Once the new valley cover was torqued down with its unique countersunk fasteners for additional clearance, the new vent tube was installed with a new O-ring for trouble-free sealing. Also pictured is the entirely new tensioner assembly included within the kit. It contains a unique mounting provision for the new water pump outlet to be installed.
Pictured here is the old water pump outlet (top), as well as the new unit. The new unit is available to be clocked into different radii to provide the ultimate in clearance. Also pictured is the alternator bracket, which Dan has marked for a little trimming.This step can be performed in the vehicle-just be sure to cover the entire engine compartment to keep any shavings from entering into the intake ports or other places. A suitable grinder and protective eyewear are a must during this step.
This image shows the altered bracket, which provided the needed clearance for the Magna Charger to be installed. Both Dan and technician Denny Longworth hoist the MP112 atop the LS2 6-liter, being careful not to disturb the preinstalled intake manifold gaskets. Once properly aligned, the fasteners were torqued to 89 lb/in, as per the instructions.
Next, Denny removed both headlight assemblies, the front bumper, and (shown here) the headlight framing from the SS. We found room to install the heat exchanger in front of the A/C condenser by utilizing the already-present upper condenser mounting fasteners. For clearance, the framing must be cut down, as indicated here with the yellow marking. While this step may seem a bit involved, it was very easy.
Pictured is Denny drilling into the right front framerail; the result will allow fasteners to be installed to hold the intercooler pump in place. Proper measurements are specified in the instruction manual. Also pictured is the mounting procedure for the intercooler reservoir bottle onto the low-side A/C hose near the accumulator assembly. Now that the heat exchanger, reservoir and pump are in place, much of the coolant hose can be installed and the front fascia put back to original condition.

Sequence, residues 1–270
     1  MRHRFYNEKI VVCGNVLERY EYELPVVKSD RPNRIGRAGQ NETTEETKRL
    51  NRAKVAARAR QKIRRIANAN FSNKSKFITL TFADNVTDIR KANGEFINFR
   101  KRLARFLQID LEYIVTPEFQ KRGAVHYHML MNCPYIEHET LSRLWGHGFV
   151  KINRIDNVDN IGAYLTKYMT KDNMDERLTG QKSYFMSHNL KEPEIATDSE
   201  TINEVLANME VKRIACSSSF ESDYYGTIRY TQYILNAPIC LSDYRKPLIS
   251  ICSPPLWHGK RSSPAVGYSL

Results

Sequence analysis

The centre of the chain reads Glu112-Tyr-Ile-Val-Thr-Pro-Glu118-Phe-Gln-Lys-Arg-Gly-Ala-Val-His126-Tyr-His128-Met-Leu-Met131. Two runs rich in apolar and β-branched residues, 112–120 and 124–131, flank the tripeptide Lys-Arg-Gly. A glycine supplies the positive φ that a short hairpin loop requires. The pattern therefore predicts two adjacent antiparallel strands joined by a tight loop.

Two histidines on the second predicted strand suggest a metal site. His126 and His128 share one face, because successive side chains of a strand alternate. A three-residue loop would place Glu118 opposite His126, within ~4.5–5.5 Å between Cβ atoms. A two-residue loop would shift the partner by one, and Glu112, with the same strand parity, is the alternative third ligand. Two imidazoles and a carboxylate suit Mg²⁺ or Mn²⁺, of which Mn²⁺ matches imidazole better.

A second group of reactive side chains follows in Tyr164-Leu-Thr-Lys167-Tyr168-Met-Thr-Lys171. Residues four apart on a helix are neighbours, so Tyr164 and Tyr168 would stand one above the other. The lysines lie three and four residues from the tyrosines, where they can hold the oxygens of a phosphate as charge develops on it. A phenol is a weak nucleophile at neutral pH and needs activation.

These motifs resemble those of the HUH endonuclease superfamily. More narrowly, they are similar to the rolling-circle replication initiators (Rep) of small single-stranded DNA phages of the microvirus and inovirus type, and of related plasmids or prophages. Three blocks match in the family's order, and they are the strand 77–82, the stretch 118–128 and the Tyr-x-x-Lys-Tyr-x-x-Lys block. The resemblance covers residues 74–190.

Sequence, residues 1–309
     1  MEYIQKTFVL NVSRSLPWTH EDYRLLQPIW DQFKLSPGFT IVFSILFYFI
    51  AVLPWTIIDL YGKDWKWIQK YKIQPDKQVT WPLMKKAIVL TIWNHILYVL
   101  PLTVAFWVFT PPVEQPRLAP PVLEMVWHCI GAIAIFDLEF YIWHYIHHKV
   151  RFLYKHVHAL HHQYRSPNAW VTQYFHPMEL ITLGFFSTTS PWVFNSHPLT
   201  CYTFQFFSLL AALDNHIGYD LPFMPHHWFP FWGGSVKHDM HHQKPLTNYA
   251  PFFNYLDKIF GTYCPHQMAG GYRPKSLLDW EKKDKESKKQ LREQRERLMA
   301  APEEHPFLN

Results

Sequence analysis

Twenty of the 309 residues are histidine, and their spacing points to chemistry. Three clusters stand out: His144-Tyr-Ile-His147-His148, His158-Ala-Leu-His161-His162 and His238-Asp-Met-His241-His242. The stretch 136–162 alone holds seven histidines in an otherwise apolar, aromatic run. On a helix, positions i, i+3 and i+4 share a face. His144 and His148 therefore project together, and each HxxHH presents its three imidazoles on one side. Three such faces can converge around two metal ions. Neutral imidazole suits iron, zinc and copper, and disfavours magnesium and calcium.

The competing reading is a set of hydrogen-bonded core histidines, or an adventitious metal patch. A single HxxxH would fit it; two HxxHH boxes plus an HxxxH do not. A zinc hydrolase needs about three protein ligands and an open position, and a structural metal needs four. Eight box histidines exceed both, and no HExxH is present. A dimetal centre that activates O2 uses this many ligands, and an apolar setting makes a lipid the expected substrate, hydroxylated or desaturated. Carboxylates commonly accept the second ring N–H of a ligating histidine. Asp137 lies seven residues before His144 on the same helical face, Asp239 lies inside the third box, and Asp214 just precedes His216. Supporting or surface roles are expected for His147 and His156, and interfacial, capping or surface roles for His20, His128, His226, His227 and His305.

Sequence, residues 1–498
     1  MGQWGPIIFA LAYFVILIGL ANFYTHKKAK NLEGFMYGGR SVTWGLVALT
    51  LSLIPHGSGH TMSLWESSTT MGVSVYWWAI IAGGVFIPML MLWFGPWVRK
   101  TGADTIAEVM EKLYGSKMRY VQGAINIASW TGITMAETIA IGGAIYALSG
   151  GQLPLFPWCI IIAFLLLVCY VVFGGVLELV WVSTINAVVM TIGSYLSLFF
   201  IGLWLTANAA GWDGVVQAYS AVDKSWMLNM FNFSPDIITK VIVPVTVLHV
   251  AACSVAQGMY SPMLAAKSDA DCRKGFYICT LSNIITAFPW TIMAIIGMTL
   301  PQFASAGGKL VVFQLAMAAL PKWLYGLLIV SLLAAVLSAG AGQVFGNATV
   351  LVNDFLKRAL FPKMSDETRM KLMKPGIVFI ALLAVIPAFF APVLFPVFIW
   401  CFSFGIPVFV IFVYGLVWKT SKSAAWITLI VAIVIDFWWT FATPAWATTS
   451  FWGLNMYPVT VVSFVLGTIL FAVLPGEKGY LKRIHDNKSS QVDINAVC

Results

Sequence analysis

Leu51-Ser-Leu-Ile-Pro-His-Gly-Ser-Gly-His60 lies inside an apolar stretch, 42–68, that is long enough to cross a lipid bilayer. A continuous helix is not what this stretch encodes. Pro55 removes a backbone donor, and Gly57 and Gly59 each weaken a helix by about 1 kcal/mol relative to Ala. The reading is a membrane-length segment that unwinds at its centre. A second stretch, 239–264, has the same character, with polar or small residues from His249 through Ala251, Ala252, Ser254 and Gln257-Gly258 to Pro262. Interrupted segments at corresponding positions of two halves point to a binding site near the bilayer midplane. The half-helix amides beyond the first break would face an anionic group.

One of the more important processes of the installation is pinning the crankshaft. The LS engine comes sans a keyway on the crank; therefore, with the additional load being applied from the blower, the balancer pulley may spin on the crank. MagnaCharger provides all that is needed for this modification (minus the drill). First, the template bushing was bolted to the front, which guided the drill. Next came the drilling process, and finally, the pins were driven into place. Note: Whenever removing the crankshaft balancer bolt, a new one must be installed as they are torque-to-yield (stretch). A new one can be obtained from the dealer or a reusable unit from ARP can also be obtained.
Shown is the new serpentine belt installed, as well as the new idler pulley provided in the kit. Some wiring modifications were necessary, such as installing new MAF- (mass air flow) and IAT- (intake air temperature) sensor connectors, and wiring the pump for the intercooler. You may be need help in this department depending on your skill level; with a basic knowledge of wiring, this step is pretty easy. Finally, the coolant fan, shroud, and air intake system were installed. Before start-up, the Engine Control Module and Transmission Control Module must be properly tuned for the new setup, including the bigger 42-pound fuel injectors. Magna Charger provides a shipping label, box, and foam inserts so the units can be sent back for the proper parameters to be installed.
Once the install was completed, we headed over to Tune Time Performance for some additional dyno tuning and final numbers. Tune Time has installed a bunch of the Magna Charger units, so we were extremely comfortable with letting it tune on the SS. The AWD SUV laid down 290 hp and 320 lb-ft of torque in stock trim. With the Magna Charger system installed, the SS cranked out a whopping 370 hp and 368 lb-ft of torque under 7-8 psi of boost, which equates to around 480-490 hp at the flywheel-not exactly 500 hp, but with dynos varying from shop to shop, who knows? With additional tuning, aftermarket headers/exhaust, and a better torque converter, the SS could easily reach the 550 hp mark with quarter-mile track times in the low 12s or even high 11s.
After tuning was completed, the SS rolled down the quarter-mile to the tune of 12.83 seconds at 104 mph-amazing, considering the stock low 14-second times. The best 60-foot was a stout 1.79 and weight was a robust 5,150 pounds (with driver). Right now, the torque converter is killing performance. With the right one, mid-12s can easily be achieved. Driveability is excellent, and even with all the newfound horsepower, the SS retains its docile street manners-at least until the accelerator gets smashed through the floorboard.